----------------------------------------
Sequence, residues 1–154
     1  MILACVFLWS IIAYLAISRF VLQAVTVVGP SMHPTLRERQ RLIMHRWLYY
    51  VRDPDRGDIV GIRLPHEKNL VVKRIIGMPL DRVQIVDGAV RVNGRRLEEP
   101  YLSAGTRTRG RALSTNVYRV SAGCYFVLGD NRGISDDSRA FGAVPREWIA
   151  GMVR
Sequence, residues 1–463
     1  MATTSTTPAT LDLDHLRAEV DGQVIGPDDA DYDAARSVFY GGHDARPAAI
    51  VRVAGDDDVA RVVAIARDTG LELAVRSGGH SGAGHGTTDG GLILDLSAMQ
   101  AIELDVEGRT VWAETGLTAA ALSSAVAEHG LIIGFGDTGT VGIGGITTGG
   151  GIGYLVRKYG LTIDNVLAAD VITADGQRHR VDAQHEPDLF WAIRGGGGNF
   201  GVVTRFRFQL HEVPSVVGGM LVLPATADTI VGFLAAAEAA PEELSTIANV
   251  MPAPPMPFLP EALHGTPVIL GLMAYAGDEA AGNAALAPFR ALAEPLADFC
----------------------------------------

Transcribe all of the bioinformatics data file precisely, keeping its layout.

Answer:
Sequence, residues 1–154
     1  MILACVFLWS IIAYLAISRF VLQAVTVVGP SMHPTLRERQ RLIMHRWLYY
    51  VRDPDRGDIV GIRLPHEKNL VVKRIIGMPL DRVQIVDGAV RVNGRRLEEP
   101  YLSAGTRTRG RALSTNVYRV SAGCYFVLGD NRGISDDSRA FGAVPREWIA
   151  GMVR
Sequence, residues 1–463
     1  MATTSTTPAT LDLDHLRAEV DGQVIGPDDA DYDAARSVFY GGHDARPAAI
    51  VRVAGDDDVA RVVAIARDTG LELAVRSGGH SGAGHGTTDG GLILDLSAMQ
   101  AIELDVEGRT VWAETGLTAA ALSSAVAEHG LIIGFGDTGT VGIGGITTGG
   151  GIGYLVRKYG LTIDNVLAAD VITADGQRHR VDAQHEPDLF WAIRGGGGNF
   201  GVVTRFRFQL HEVPSVVGGM LVLPATADTI VGFLAAAEAA PEELSTIANV
   251  MPAPPMPFLP EALHGTPVIL GLMAYAGDEA AGNAALAPFR ALAEPLADFC